Archives for The Nature of Phenology

The Nature of Phenology 10/24/20: Spawning Brook Trout

Producers: Hazel Stark & Joe Horn
Host: Hazel Stark

Come fall, the brook trout don their spawning colors and all colors become more rich and vivid and their flanks blaze with fiery red. For a fish that needs to stay camouflaged to both avoid predators and ambush unsuspecting fish, mice, and insects, these colors may seem gaudy and outrageous. That is, until you understand their native range.

Photos, a full transcript, references, contact information, and more available at thenatureofphenology.wordpress.com.

The Nature of Phenology 10/17/20: Deer Changing Coats

Producers: Hazel Stark & Joe Horn
Host: Hazel Stark

That first crisp, cool breeze that hits us in late August has us scrambling for that favorite soft, warm layer we haven’t needed since early June. We also start turning to warmer, more unctuous meals as fall increases its grip. Likewise, deer engage in a diet and costume change.

Photos, a full transcript, references, contact information, and more available at thenatureofphenology.wordpress.com.

The Nature of Phenology 10/10/20: October Blueberry Barrens

Producers: Hazel Stark & Joe Horn
Host: Hazel Stark

Blueberry barrens in the fall seem to trick the brain—causing us to blink extra, rub our eyes, and reach out to touch the plants to confirm that such a sight is possible.

Photos, a full transcript, references, contact information, and more available at thenatureofphenology.wordpress.com.

The Nature of Phenology 10/3/20: Rose Hips

Producers: Hazel Stark & Joe Horn
Host: Hazel Stark

“Invasion over,” is how my college dendrology professor characterized the non-native Rosa rugosa’s status. Beach rose is actually native to northeastern China, Japan, Korea, and southeastern Siberia. Despite all the damage beach rose has caused on the native dunes and beaches of the New England Coast, it has also bestowed upon us two great gifts.

Photos, a full transcript, references, contact information, and more available at thenatureofphenology.wordpress.com.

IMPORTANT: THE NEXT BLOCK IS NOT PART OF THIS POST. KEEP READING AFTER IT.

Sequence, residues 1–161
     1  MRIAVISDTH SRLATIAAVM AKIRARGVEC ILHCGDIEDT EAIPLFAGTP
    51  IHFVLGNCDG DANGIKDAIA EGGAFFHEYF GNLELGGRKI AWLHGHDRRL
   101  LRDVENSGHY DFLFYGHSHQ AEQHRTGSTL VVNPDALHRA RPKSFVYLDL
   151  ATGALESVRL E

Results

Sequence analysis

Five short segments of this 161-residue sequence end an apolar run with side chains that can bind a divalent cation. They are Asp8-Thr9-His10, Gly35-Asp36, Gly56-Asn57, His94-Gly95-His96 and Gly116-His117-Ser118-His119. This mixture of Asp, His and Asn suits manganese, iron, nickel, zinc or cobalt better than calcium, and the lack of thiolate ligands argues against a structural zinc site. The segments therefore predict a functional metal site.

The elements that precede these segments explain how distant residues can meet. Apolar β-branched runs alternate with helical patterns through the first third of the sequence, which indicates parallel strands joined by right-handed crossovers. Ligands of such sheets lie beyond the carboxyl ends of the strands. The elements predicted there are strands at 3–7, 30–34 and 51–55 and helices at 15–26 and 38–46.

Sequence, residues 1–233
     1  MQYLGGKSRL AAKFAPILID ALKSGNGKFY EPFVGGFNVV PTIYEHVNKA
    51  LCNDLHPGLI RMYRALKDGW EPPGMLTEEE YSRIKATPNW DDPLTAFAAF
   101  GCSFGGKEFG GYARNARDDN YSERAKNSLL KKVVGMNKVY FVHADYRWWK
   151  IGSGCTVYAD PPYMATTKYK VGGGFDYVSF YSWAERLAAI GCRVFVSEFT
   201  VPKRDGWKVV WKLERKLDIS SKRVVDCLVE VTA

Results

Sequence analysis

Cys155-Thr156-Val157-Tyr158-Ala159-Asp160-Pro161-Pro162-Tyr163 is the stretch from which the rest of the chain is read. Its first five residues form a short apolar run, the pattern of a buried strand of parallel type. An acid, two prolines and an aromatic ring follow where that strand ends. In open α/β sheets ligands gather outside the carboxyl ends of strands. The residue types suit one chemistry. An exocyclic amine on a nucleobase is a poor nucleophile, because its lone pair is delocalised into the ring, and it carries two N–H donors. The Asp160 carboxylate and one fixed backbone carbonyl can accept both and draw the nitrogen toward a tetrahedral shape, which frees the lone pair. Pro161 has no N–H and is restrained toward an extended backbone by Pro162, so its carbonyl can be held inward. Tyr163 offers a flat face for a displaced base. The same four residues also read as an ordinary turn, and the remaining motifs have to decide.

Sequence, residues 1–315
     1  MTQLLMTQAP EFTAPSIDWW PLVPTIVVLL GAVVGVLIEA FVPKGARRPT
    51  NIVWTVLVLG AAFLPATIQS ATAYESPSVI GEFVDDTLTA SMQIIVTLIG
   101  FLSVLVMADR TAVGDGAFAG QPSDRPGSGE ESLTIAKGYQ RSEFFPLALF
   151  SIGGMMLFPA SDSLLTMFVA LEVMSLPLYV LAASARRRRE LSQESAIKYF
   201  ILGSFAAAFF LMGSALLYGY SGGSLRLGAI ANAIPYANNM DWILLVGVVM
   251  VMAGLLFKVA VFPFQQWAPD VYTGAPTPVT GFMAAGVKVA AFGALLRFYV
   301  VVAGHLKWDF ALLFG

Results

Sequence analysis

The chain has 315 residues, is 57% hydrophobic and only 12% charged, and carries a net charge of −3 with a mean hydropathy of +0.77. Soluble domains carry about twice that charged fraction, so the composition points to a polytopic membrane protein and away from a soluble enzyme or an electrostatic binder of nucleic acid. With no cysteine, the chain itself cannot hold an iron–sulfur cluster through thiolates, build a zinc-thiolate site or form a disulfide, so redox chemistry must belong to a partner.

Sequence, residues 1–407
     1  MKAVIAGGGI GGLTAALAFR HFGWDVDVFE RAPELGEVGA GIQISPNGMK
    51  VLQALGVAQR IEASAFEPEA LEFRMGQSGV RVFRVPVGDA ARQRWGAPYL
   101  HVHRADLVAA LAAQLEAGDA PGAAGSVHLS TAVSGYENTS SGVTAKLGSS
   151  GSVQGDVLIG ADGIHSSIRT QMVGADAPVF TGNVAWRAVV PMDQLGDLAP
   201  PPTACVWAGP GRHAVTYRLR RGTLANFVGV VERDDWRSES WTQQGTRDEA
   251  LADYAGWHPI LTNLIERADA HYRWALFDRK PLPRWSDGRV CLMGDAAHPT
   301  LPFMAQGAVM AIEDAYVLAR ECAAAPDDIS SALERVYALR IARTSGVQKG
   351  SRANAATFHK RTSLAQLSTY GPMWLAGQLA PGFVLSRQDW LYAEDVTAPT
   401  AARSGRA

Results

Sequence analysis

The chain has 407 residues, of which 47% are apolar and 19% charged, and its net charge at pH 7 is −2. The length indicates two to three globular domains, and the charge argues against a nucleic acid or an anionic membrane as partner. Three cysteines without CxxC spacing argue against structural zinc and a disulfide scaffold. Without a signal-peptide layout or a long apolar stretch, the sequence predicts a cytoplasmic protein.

The Nature of Phenology 9/26/20: Jack-in-the-pulpit fruiting

Producers: Hazel Stark & Joe Horn
Host: Hazel Stark

Jack-in-the-pulpit’s single flower is mostly green and shaped like a pitcher. This odd structure is actually a modified leaf, called a spathe, which surrounds and forms a hood over the internal flower structure called a spadix. Evidently, whoever named the plant thought that the whole contraption looked something akin to a preacher ready to give his Sunday sermon to passers-by, but I will freely admit that I find that image to be a bit of a stretch of the imagination.

Photos, a full transcript, references, contact information, and more available at thenatureofphenology.wordpress.com.

The Nature of Phenology 9/19/20: Yellow Jackets

Producers: Hazel Stark & Joe Horn
Host: Hazel Stark

“Yellow jacket” is the name for a group of stinging insects that includes many different species and a couple genera in North America. With food sources decreasing as the growing season winds down matched with yellow jacket colonies at the peak of their annual populations, we are left with lots of stinging insects desperate for food. A perceived threat to yellow jacket nests can quickly inspire the residents to come out with their stingers blazing.

Photos, a full transcript, references, contact information, and more available at thenatureofphenology.wordpress.com.

The Nature of Phenology 9/12/20: Toads Burrowing

Producers: Hazel Stark & Joe Horn
Host: Hazel Stark

With the encroachment of winter and being cold blooded, all of our amphibians get a bit creative with how they make it through the cold season. Toads get digging. Starting roughly in September, they will back themselves into the soil and use their powerful hind legs to excavate a burrow.

Photos, a full transcript, references, contact information, and more available at thenatureofphenology.wordpress.com.

The Nature of Phenology 9/5/20: Mullein

Producers: Hazel Stark & Joe Horn
Host: Hazel Stark

Mullein, scientifically known as Verbascum thapsus, is not native to North America, though it is now considered naturalized as it has been here for more than 200 years. When Europeans came to North America in search of a better life, long before the Revolutionary War, their packing list included the seeds of mullein.

Photos, a full transcript, references, contact information, and more available at thenatureofphenology.wordpress.com